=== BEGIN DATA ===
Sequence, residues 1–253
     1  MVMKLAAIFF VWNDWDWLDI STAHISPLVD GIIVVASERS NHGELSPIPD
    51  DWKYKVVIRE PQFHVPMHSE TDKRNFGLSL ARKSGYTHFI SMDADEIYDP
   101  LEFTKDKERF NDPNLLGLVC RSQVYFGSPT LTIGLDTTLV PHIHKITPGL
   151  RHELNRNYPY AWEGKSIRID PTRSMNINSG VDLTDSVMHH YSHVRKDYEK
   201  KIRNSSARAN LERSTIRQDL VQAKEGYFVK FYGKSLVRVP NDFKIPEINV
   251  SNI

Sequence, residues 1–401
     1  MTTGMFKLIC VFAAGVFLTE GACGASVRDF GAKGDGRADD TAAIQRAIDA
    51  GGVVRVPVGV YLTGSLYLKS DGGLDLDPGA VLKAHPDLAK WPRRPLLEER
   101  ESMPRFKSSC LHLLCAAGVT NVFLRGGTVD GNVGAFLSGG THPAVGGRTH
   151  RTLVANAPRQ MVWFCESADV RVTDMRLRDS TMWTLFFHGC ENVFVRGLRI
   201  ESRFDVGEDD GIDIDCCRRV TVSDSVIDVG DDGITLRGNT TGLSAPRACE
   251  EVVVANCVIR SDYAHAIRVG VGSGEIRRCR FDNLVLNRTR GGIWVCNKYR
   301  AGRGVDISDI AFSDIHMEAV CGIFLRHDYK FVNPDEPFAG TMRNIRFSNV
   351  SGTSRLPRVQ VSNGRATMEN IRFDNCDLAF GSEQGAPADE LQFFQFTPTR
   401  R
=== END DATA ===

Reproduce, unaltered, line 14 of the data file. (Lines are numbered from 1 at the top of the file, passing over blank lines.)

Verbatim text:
   251  EVVVANCVIR SDYAHAIRVG VGSGEIRRCR FDNLVLNRTR GGIWVCNKYR